Human Rights Watch recommends that the Committee ask the government:

  • What actions are being taken to lift the numerous drinking water advisories that remain in place?
  • What steps are being taken to improve the lack of regulations to protect drinking water on reserves?
  • What is being done to work with First Nations on solutions and to promulgate enforceable drinking water and sanitation regulations?

Human Rights Watch encourages the Committee to make the following recommendations:

  • In collaboration with First Nations, develop a plan for addressing water and sanitation conditions on reserves that allows for long-term and sustainable solutions beyond the current five-year goal to end boil water advisories. The plan should have:
  • Quantifiable targets;
  • Sufficient and consistent budget allocations;
  • A fixed timeframe for initial implementation;
  • Commitments for ongoing operation and maintenance support;
  • A time-bound commitment not only to end long-term drinking water advisories but guarantee safe drinking water for all and reduce risk level of high-risk water and wastewater assets on reserves; and
  • Specific recommendations, funding, and measures related to private or household-level water and wastewater systems.
  • Co-create with First Nations replacement legislation for the Safe Drinking Water For First Nations Act, and ensure that all legislative measures taken to address the water crisis are supported with the necessary resources and funding to secure effective implementation.
  • Establish an independent First Nations water commission to monitor and evaluate government performance related to water and wastewater on First Nations, including specifically the outcomes related to government water and wastewater funding commitments. In its work, the commission should take into account Indigenous customs, laws, and practices.
  • Support research to monitor skin or other hygiene-related health concerns associated with poor drinking water quality or drinking water advisories on reserves, especially targeted at groups acutely affected such as children.
  • Provide greater support for the monitoring of private household drinking water systems, including wells.
  • Engage First Nations on the cultural aspects of water in order to identify culturally acceptable, sustainable water policy and practical solutions on reserves.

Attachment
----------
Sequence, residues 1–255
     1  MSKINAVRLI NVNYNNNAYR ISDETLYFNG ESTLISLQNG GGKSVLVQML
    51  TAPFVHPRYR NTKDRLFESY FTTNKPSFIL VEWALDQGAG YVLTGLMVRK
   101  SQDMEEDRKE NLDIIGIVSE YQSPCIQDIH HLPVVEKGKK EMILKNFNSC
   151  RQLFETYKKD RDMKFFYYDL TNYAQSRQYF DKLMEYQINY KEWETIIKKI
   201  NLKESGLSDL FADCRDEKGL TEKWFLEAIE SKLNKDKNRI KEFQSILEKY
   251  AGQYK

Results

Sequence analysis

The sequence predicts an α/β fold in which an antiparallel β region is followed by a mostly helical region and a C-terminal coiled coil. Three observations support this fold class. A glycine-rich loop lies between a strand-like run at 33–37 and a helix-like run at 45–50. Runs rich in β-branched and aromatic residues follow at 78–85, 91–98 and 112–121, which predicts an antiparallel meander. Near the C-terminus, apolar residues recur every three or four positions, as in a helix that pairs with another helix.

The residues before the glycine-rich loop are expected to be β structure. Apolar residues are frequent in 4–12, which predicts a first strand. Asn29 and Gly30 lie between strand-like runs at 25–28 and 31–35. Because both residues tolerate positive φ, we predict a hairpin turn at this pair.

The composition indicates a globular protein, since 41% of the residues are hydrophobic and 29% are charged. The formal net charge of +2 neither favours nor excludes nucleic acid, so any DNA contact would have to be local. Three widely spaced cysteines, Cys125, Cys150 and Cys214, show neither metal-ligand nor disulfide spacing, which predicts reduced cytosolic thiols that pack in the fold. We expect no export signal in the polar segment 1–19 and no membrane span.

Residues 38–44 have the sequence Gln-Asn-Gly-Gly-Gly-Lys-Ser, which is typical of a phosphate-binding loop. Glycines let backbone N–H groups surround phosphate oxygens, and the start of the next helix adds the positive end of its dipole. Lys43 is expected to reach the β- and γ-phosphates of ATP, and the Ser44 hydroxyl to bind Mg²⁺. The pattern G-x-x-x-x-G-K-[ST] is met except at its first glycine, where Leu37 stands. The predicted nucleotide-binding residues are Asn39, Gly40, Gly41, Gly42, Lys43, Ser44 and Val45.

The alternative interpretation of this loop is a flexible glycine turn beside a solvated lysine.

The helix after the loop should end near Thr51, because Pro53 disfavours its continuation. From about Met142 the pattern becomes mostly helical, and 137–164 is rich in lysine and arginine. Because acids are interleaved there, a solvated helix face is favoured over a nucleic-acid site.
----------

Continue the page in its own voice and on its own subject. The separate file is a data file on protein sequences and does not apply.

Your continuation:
• Develop contingency plans in the case of major infrastructure failures for First Nations reserves, particularly in remote communities, including plans for possible evacuations or other extraordinary measures to protect the health and safety of community members.

Protection of Education During Armed Conflict (article 28)

In February 2017, Canada endorsed the Safe Schools Declaration, an inter-governmental political commitment that provides countries the opportunity to express political support for the protection of students, teachers, and schools during times of armed conflict; the importance of the continuation of education during armed conflict; and the implementation of the Guidelines for Protecting Schools and Universities from Military Use during Armed Conflict.[11] 

Human Rights Watch recommends that the Committee ask the government:

  • What concrete measures have the Canadian armed forces taken to deter the military use of schools in contravention of international law, including through its military manuals, policies, trainings, planning, and orders?

Human Rights Watch encourages the Committee to make the following recommendations:

  • Congratulate Canada for endorsing the Safe Schools Declaration.
  • Encourage Canada to share any good practices with other countries, including any including any recipients of humanitarian aid, development assistance, or military training.

[1] “Make it Safe: Canada’s Obligation to End the First Nations Water Crisis,” Human Rights Watch, June 7, 2016,

[2] Human Rights Watch, Make it Safe, p. 40.

[3] Human Rights Watch interview with Geraldine S., Batchewana First Nation, October 6, 2015.

[4] Human Rights Watch interview with Roxanne M., Neskantaga First Nation, October 20, 2015.

[6] “Ending long-term drinking water advisories,” Government of Canada, (accessed February 7, 2020)

[7] “Canada: Pressing Need to Improve First Nations’ Water Supply: On World Water Day, New Guide to Water Rights,” Human Rights Watch, March 22, 2019,

[8] “Ending long-term drinking water advisories,” Government of Canada, (accessed February 7, 2020)

[9] “Canada: Blind Eye to First Nation Water Crisis: Neskantaga Community Needs Compensation, Assistance,” Human Rights Watch news release, October 2, 2019,

[10] UN Committee on Economic, Social and Cultural Rights, “Concluding observations on the sixth periodic report

of Canada,” March 23, 2016, E/C.12/CAN/CO/6, para 44.

[11] Guidelines for Protecting Schools and Universities from Military Use during Armed Conflict, March 18, 2014, (accessed November 6, 2018).

Your tax deductible gift can help stop human rights violations and save lives around the world.

Region / Country